Palsy

 

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Palsy
(1817 AD)

starts with a twist
a palsied twitch a nod
more movement

slow loss of grip
bottle-tops won’t open
things fall to the floor

twist and twitch
turn into shakes
bad vibes not good

words tripping
on not off tongue
stumbling over teeth

vitality extinguished
a dullness in the eyes
a cork-screw turning in

bland the writing
both erased
chalkboard and page

dry honey tunnels
yellow calcined skull
empty hexagonal cells

this lone bee searching
for a special something
it can no longer find

Help!

 

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Help!

The world turns full circle
and my mother is on the phone.
It’s four AM. “Help me!” she cries,
from the far side of the Atlantic.

Her ship is sinking fast and she’s
nine sheets to the wind.
“I’ll stick my head in the oven,”
she says, “and turn on the gas.”

What can I say? What can I do?
She makes so many threats.
She’s crying “Wolf!” and her words
now bounce off this duck’s back.

Yet still I wake at night to hear
her whispered words, and they still
chill with their razor’s edge of
“Help me! Help! Please help!”’

Lost

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Lost

My body’s house has many rooms and
you, my love, are present in them all.
I see you here and there, glimpse your
shadow in a mirror, and feel your breath
brush on my cheek when I open a door.

Where have you gone? I walk from room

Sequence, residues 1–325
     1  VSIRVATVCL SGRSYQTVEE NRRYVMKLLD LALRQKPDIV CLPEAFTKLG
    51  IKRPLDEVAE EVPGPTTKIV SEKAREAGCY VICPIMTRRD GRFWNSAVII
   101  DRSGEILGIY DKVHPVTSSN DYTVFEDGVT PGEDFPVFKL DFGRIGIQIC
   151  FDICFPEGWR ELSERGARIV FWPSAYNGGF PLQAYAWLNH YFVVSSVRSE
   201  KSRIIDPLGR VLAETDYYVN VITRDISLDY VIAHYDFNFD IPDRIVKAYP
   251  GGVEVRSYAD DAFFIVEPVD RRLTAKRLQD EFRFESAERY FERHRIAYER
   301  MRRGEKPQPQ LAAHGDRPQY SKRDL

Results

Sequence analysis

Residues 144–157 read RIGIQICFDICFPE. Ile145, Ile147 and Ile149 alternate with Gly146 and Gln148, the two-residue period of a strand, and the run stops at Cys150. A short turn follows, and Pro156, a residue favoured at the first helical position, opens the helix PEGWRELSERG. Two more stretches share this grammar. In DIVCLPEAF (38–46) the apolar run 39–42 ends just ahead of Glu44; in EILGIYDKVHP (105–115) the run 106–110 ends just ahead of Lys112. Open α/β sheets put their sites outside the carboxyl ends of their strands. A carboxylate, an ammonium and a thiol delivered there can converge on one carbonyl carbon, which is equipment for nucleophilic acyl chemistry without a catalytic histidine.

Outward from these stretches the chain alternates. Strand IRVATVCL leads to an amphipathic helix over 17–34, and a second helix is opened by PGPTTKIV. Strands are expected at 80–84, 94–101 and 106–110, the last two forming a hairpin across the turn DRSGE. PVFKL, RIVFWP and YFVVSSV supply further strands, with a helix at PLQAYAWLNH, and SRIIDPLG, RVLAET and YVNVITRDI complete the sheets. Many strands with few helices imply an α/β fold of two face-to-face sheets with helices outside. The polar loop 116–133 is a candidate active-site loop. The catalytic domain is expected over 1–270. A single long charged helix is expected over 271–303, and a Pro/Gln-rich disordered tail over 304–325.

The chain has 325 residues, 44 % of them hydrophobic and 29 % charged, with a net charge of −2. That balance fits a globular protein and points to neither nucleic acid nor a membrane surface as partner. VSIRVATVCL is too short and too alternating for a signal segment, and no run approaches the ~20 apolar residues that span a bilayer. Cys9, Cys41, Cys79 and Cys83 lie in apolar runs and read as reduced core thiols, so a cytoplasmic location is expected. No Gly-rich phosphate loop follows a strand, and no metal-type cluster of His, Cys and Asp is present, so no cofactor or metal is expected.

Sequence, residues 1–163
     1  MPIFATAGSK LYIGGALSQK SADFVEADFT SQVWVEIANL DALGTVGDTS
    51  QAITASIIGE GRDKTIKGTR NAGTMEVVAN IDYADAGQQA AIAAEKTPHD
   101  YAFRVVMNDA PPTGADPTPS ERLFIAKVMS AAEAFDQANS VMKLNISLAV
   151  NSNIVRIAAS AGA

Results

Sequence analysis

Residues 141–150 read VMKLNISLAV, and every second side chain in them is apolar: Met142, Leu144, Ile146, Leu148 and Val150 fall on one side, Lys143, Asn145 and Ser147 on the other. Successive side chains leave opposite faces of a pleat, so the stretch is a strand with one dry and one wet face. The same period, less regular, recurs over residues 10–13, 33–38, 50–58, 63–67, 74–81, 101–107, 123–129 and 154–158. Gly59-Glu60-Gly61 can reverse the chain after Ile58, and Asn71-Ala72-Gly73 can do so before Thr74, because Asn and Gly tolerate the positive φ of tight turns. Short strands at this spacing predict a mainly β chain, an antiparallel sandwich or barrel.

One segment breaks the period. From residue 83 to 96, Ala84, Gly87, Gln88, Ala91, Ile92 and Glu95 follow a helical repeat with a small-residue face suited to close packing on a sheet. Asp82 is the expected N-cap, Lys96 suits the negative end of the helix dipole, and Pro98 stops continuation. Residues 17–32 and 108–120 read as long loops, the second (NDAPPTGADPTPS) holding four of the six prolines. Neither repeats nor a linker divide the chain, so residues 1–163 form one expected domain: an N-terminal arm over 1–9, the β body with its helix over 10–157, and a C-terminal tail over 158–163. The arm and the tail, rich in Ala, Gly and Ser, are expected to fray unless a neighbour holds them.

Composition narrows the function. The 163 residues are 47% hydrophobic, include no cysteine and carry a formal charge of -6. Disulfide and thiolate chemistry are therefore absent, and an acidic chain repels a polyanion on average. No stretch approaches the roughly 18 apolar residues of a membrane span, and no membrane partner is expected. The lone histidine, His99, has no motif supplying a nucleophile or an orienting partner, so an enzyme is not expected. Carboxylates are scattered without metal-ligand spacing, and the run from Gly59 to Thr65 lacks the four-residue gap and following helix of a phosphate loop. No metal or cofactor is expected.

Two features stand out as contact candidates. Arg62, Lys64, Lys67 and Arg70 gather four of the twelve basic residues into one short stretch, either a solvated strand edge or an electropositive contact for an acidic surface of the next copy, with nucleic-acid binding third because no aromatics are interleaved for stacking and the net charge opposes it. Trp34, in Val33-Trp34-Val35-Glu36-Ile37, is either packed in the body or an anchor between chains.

to room, but when I seek, I no longer find,
and when I knock, nothing opens. Afraid,
sometimes, to enter a room, I know you are
in there. I hear your footsteps on the stair.
Sometimes your voice breaks the silence.

It whispers my name in the same old way
I remember … how can it be true, my love,
that you have gone, that you have left me
here alone? I count the hours, the days,
and snatch at sudden straws of hope,
embracing dust motes to find no solace
in the sunbeams, salacious as they are,
that drag me from my occasional dreams.

MiA

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MiA

The things you didn’t see:
the cat, this morning, ginger,
coiled like a spring and ready
to pounce on an unsuspecting junco;
five crows perched on the same
side of the tree, and the tree leaning
over on account of their weight;
the smile on my granddaughter
when we Skyped.

The things you didn’t hear:
the squawk of the bird
as the cat misjudged her jump;
those same five crows cawing,
cracking the day open like
an egg boiled for breakfast;
the joy in my granddaughter’s voice
when she spoke to me: “Hi Moo.”

And you didn’t hear the robin’s shriek
as the hawk’s claws pierced,
nor the tears in my voice
as I called out your name.